Any language has its common sayings, which seem hilarious to people from other cultures.
I translated the English expression “raining cats and dogs” once – and everyone, here in China, just looked at me like I was mad.
But then, people are always telling me that I am ‘chaos seven’.
乱七八糟 luàn qī bā zoo
Well, ‘chaos seven and eight messy’ to be exact. My working desk has papers scrawled everywhere – some see this as a ‘big mess’ – but i just see it as being busy.
乱七八糟 luàn qī bā zào –
chaos seven eight messy
Often enough, non-native speakers pick up on sayings they think are used regularly in the foreign language. “Just so so” is one of those annoying phrases you will here often enough spoken by Chinese people with fluent English. I mean who says that any more? ( did anyone ever say it, about something they were ambivalent about?)
I prefer the Chinese expression. You’ll hear it regular in China, and it’s a favourite one used by anyone learning just a smidgen of Chinese.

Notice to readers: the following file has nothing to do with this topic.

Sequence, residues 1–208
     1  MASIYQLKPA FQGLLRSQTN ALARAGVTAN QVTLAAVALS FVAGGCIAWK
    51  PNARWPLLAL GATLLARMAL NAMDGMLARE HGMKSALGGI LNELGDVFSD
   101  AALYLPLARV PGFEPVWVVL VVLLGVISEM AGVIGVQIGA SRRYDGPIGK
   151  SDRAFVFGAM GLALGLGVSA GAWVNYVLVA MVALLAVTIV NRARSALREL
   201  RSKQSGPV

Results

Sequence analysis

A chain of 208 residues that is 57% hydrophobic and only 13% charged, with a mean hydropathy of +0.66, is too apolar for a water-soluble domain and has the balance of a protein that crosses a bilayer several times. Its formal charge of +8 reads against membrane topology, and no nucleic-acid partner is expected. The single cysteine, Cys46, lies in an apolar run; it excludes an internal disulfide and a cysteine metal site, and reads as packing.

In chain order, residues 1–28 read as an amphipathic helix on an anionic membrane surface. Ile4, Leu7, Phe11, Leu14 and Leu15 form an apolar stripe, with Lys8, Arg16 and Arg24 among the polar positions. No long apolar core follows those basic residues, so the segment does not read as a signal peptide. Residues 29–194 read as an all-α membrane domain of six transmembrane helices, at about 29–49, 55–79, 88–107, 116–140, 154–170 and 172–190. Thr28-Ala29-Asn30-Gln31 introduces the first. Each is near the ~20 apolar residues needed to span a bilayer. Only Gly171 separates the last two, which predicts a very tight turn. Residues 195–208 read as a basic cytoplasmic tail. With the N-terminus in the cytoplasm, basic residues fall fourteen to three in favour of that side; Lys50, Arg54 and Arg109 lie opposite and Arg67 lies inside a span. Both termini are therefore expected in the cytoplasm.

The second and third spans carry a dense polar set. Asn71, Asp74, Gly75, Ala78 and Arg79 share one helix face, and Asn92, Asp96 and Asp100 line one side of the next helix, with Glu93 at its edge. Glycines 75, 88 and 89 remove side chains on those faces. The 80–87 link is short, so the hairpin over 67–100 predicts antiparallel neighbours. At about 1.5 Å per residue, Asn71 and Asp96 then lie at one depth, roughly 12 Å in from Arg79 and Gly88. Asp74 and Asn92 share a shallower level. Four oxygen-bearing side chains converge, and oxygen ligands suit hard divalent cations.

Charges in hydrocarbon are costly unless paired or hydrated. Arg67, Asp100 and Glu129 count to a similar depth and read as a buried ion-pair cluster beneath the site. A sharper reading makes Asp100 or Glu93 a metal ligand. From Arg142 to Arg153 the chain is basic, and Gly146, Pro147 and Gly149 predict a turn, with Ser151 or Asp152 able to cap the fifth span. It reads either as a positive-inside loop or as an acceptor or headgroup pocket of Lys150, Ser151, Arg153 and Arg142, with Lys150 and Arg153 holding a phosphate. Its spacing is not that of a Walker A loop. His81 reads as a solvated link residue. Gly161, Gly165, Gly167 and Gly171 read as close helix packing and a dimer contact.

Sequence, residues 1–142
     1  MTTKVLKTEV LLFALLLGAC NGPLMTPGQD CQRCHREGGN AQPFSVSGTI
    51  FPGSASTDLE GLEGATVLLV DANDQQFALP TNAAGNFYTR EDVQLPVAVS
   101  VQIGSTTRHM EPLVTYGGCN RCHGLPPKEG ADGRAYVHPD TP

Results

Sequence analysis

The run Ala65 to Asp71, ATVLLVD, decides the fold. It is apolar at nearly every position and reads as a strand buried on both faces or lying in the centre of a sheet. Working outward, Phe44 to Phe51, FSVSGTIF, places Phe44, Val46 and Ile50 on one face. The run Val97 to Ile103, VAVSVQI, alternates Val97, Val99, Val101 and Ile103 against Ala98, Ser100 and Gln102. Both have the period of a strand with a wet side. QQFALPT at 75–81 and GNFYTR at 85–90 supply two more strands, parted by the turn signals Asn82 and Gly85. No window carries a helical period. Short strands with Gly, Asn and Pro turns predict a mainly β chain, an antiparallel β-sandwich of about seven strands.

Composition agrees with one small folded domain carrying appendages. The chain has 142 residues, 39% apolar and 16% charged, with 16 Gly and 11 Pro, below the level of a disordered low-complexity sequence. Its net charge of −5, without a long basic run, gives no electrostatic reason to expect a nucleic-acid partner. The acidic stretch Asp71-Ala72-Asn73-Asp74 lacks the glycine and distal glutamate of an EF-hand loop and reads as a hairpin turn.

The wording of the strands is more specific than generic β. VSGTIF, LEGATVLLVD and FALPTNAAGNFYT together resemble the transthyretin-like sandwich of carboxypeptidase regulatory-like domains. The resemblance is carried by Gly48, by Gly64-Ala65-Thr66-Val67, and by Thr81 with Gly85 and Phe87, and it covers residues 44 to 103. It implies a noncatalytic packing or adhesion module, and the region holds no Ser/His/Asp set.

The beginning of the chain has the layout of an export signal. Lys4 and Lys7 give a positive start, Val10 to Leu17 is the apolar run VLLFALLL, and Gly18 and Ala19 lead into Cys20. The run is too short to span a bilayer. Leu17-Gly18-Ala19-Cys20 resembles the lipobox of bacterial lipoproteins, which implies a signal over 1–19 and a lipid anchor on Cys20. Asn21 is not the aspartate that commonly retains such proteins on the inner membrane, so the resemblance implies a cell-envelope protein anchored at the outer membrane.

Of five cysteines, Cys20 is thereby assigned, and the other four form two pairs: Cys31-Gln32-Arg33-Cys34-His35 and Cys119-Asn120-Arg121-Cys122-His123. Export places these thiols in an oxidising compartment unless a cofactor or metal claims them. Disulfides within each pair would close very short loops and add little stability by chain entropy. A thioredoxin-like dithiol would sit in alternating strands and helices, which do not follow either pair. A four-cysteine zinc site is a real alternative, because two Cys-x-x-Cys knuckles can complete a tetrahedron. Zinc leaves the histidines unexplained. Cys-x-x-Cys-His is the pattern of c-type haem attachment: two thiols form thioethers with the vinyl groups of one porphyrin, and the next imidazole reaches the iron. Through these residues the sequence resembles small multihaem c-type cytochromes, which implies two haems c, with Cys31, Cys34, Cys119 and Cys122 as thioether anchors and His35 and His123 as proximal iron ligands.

To express my ambivalence, about a meal, a movie, a person, a city – just about anything really, I can just say, “horse horse tiger tiger”
馬馬虎虎. Mǎmǎ hǔhǔ
Like most things in China, and all idioms, there is a story that dates back a millenium or two. Or three even. In this case, it’s about a painter who had finished a beautiful painting of a tiger. A customer came in and asked to buy a painting of a horse, so the painter made a few quick strokes and hey presto, he has a horse painting to sell.
hence : 馬馬虎虎. Mǎmǎ hǔhǔ
There’s a bit more to the story though. The painter’s son, seeing a tiger when he was out hunting, thought a horse was a tiger, so shot it and had to recompense the horse’s owner. The second son thought a tiger was a horse and went to pat it.
He got eaten.
Did you enjoy this post? Or is it just so much horse-horse-tiger tiger!